10.  Before I come to this point of principle, I should say something about the authorities upon which the understanding of shipping lawyers was based. There is no case in which the question now in issue has been raised. But that in itself may be significant. This cannot have been the first time that freight rates have been volatile. There must have been previous cases in which late redelivery caused the loss of a profitable following fixture. But there is no reported case in which such a claim has been made. Instead, there has been a uniform series of dicta over many years in which judges have said or assumed that the damages for late delivery are the difference between the charter rate and the market rate: see for examples Lord Denning MR in Alma Shipping Corpn of Monrovia v Mantovani (The Dione) [1975] 1 Lloyd’s Rep 115, 117-118; Lord Denning MR in Arta Shipping Co Ltd v Thai Europe Tapioca Service Ltd (The Johnny) [1977] 2 Lloyd’s Rep 1, 2; Bingham LJ in Hyundai Merchant Marine Co Ltd v Gesuri Chartering Co Ltd (The Peonia) [1991] 1 Lloyd’s Rep 100, 118. Textbooks have said the same: see Scrutton on Charterparties 20th ed (1996), pp 348-349; Wilford and others Time Charters 5th ed (2003), at para 4.20. Nowhere is there a suggestion of even a theoretical possibility of damages for the loss of a following fixture.

11.  The question of principle has been extensively discussed in the literature. Recent articles by Adam Kramer (“An Agreement-Centred Approach to Remoteness and Contract Damages”) in Cohen and McKendrick (ed), Comparative Remedies for Breach of Contract (2004) pp 249-286 Andrew Tettenborn (“Hadley v Baxendale Foreseeability: a Principle Beyond its Sell-by Date) in (2007) 23 Journal of Contract Law 120-147) and Andrew Robertson (“The basis of the remoteness rule in contract”) (2008) 28 Legal Studies 172-196) are particularly illuminating. They show that there is a good deal of support in the authorities and academic writings for the proposition that the extent of a party’s liability for damages is founded upon the interpretation of the particular contract; not upon the interpretation of any particular language in the contract, but (as in the case of an implied term) upon the interpretation of the contract as a whole, construed in its commercial setting. Professor Robertson considers this approach somewhat artificial, since there is seldom any helpful evidence about the extent of the risks the particular parties would have thought they were accepting. I agree that cases of departure from the ordinary foreseeability rule based on individual circumstances will be unusual, but limitations on the extent of liability in particular types of contract arising out of general expectations in certain markets, such as banking and shipping, are likely to be more common. There is, I think, an analogy with the distinction which Lord Cross of Chelsea drew in Liverpool City Council v Irwin [1977] AC 239, 257-258 between terms implied into all contracts of a certain type and the implication of a term into a particular contract.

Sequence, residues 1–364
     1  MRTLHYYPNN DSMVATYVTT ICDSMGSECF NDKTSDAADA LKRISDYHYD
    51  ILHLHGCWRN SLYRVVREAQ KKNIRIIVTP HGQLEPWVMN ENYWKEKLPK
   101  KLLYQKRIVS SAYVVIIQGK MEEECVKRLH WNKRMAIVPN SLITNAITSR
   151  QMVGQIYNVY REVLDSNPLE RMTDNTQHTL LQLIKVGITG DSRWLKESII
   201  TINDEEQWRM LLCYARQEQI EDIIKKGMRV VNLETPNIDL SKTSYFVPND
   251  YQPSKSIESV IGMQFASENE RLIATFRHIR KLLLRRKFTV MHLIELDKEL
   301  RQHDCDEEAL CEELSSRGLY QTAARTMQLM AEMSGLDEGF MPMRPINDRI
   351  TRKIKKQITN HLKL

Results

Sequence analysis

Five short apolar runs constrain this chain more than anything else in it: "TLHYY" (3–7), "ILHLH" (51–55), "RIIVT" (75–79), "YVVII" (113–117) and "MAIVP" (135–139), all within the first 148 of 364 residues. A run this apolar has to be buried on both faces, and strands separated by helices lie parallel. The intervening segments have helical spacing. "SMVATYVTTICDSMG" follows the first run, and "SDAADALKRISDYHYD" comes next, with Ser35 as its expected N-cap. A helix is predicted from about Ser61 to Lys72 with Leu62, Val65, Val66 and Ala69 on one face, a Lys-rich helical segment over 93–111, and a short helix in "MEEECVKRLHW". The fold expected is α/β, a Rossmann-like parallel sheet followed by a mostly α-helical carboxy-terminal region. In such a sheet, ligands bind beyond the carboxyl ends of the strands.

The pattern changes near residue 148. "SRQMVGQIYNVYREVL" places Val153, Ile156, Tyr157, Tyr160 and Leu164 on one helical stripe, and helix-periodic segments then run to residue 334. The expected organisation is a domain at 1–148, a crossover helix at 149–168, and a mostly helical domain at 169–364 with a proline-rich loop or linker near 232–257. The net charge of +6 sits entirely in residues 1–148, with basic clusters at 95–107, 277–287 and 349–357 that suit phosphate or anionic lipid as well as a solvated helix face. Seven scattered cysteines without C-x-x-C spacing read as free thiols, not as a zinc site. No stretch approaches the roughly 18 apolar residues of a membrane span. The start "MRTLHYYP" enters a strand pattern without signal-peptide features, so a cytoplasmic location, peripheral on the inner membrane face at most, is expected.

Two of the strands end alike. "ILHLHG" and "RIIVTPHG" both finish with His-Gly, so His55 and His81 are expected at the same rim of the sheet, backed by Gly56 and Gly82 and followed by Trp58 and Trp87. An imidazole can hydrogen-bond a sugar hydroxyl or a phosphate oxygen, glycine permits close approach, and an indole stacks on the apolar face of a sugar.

12.  It seems to me logical to found liability for damages upon the intention of the parties (objectively ascertained) because all contractual liability is voluntarily undertaken. It must be in principle wrong to hold someone liable for risks for which the people entering into such a contract in their particular market, would not reasonably be considered to have undertaken.